Our Favorite New Faces of Broadway

Our Favorite New Faces of Broadway

New York City is the live theater capital of the universe (sorry, London!) and every season Broadway delivers a crop of amazing, uber-talented newcomers. We’ve rounded up our favorite new faces you need to watch out for. Some are just making their Broadway debuts, while others have been around awhile but have recently given breakout performances that knocked our socks off.

Below, meet 11 of the most exciting new faces on Broadway.

Lorna Courtney — "& Juliet"

Photo by Stephanie Diani

This reimagining of Shakespeare’s Romeo & Juliet — which wonders what would've happened if Juliet had lived — is a Broadway hit, meshing historical drama and jukebox pop hits (in this case, dozens of smash dance hits by Swedish songwriter Max Martin like "Oops, I Did it Again," "Stronger," "Roar" and "I Kissed a Girl"). As Juliet, Courtney rarely leaves the stage and has the vocal chops of a true Broadway diva.

J. Harrison Ghee — "Some Like It Hot"

Photo by Matthew Murphy

Having already made a splash on Broadway in Kinky Boots and Mrs. Doubtfire, his bravura turn as Jerry/Daphne has made Ghee the toast of Broadway. What could have been an awkward and preachy tale of discovering one's gender identity is, in Ghee’s hands, a tender and sensitive exploration.

Adrianna Hicks — "Some Like It Hot"

Photo by Matthew Murphy

After success in ensemble roles in Aladdin and Six, Hicks has originated the role of Sugar Kane, made famous by screen goddess Marilyn Monroe in the film version of Some Like it Hot. A lesser actor would fade into the background when surrounded by the likes of powerhouse costars Christian Borle, J. Harrison Ghee and NaTasha Yvette Williams, but Hicks more than holds her own in their illustrious company.

Justin Cooley — "Kimberly Akimbo"

It’s truly hard to believe that Justin Cooley, who graduated from high school in 2021, is making his Broadway debut in Kimberly Akimbo. A debut that's earned him a Theater World and Clive Barnes Award under his belt, no less, not to mention Drama Desk and Outer Critics Circle nominations for his off-Broadway performance as Seth, the adorable, tuba-playing friend (or is he more than a friend?). Cooley’s performance is mature beyond his years.

Bonnie Milligan — "Kimberly Akimbo"

Milligan made a splash in her 2018 Broadway debut, Head Over Heels, but her uproarious turn as Aunt Debra in the current production of Kimberly Akimbo is the stuff of legends. From the moment she appears on stage as the title character’s bad-news aunt, the audience is in love with Milligan. She has a powerful voice plus killer comedic timing, and we can’t wait to see what she’ll do next.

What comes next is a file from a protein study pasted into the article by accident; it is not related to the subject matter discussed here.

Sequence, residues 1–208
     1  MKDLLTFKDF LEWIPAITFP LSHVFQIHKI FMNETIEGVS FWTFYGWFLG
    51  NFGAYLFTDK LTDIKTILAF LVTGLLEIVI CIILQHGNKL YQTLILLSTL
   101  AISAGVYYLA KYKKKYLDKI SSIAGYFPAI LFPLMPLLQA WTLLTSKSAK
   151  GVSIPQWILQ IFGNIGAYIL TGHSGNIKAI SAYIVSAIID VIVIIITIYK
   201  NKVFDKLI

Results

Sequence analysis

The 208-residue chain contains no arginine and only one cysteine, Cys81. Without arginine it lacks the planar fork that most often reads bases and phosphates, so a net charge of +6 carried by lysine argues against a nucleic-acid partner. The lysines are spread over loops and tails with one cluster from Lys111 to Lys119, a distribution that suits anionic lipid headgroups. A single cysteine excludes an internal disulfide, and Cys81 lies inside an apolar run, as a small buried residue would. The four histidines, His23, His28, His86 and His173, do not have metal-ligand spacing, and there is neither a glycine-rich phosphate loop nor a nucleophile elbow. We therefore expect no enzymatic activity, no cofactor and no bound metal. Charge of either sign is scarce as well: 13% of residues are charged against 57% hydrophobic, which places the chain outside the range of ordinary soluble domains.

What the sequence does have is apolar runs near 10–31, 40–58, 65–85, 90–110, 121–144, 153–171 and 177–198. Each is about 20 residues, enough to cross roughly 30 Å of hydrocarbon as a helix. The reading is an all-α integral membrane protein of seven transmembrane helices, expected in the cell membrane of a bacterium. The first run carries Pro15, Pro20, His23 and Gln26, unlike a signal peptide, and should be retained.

Julie Benko — "Funny Girl"

As stand-by for Beanie Feldstein in the Broadway production of Funny Girl, Julie Benko might never have gotten her moment in the spotlight — but in a production that made headlines for being messy, Benko emerged as the girl who went on stage a nobody and came back a star. Julie is still playing Fanny Brice every Thursday (Glee’s Lea Michele plays the other seven shows each week) and has signed on as the lead in Harmony, penned by Barry Manilow, for its upcoming Broadway run.

Khris Davis — "Death of a Salesman"

Photo by Atisha Paulson

Arthur Miller’s Death of a Salesman is a theater classic and an emotional rollercoaster. The current production includes acting heavyweights Wendell Pierce (The Wire) and Sharon D. Clarke (Caroline or Change). Khris Davis, best known for his role on the show Atlanta, is a standout of the show as Biff Loman, the popular athlete son of the titular salesman. Davis has charisma and charm as the well-liked Biff but also the skills to rise to the occasion as things start to unravel. It’s an impressive Broadway debut.

Sara Porkalob — "1776"

The Roundabout’s current production of the musical 1776 features a cast of female, transgender and non-binary performers as the USA’s founding fathers, including Carolee Carmello, Crystal Lucas-Perry (who also costarred in Ain’t No Mo') and Sara Porkalob as South Carolina’s pro-slavery Edward Rutledge. While her character’s politics are heinous, their performance is incredible. Porkalob’s Ruttledge makes a show-stopping speech and knocks the audience’s socks off with the song "Molasses to Rum," which skewers the more progressive members of the continental congress.

L Morgan Lee — "A Strange Loop"

Photo by Marc J. Franklin

L Morgan Lee is the first openly trans actor to receive a Tony nomination, as well as the first openly trans actor to originate a role in a Pulitzer Prize-winning work, A Strange Loop, which created a sensation on Broadway, winning Best Musical at the 2022 Tony Awards. She plays one of the Thoughts (Thought 1) who interact with Usher, a large, black, queer writer trying to come to terms with his identity. Lee has signed on to the musical adaptation of the book The Danish Girl, which is being workshopped in London, where she'll play the titular character.

Jordan E. Cooper — "Ain't No Mo'"

Photo by Joan Marcus

At age 27, Cooper is the youngest American playwright to have his work produced on Broadway. As Peaches, the pink-wigged, sharp-witted airline hostess for African American Airlines, Cooper is by turns hilarious and harrowing. The show is wild and sometimes a bit messy, but it’s absolutely unique and irresistible, just like Cooper himself.

Crystal Lucas-Perry — "Ain't No Mo'"

Photo by Joan Marcus

Lucas-Perry has played two scene-stealing roles this season. First, she played American President John Adams in the all-female, trans and non-binary cast of the musical 1776. She left that show to play Passenger 5 in Ain’t No Mo', Jordan E. Cooper’s fantastic, over-the-top story of every black American being sent back to Africa. All we can say about Lucas-Perry is WOW.

Photo by Joan Marcus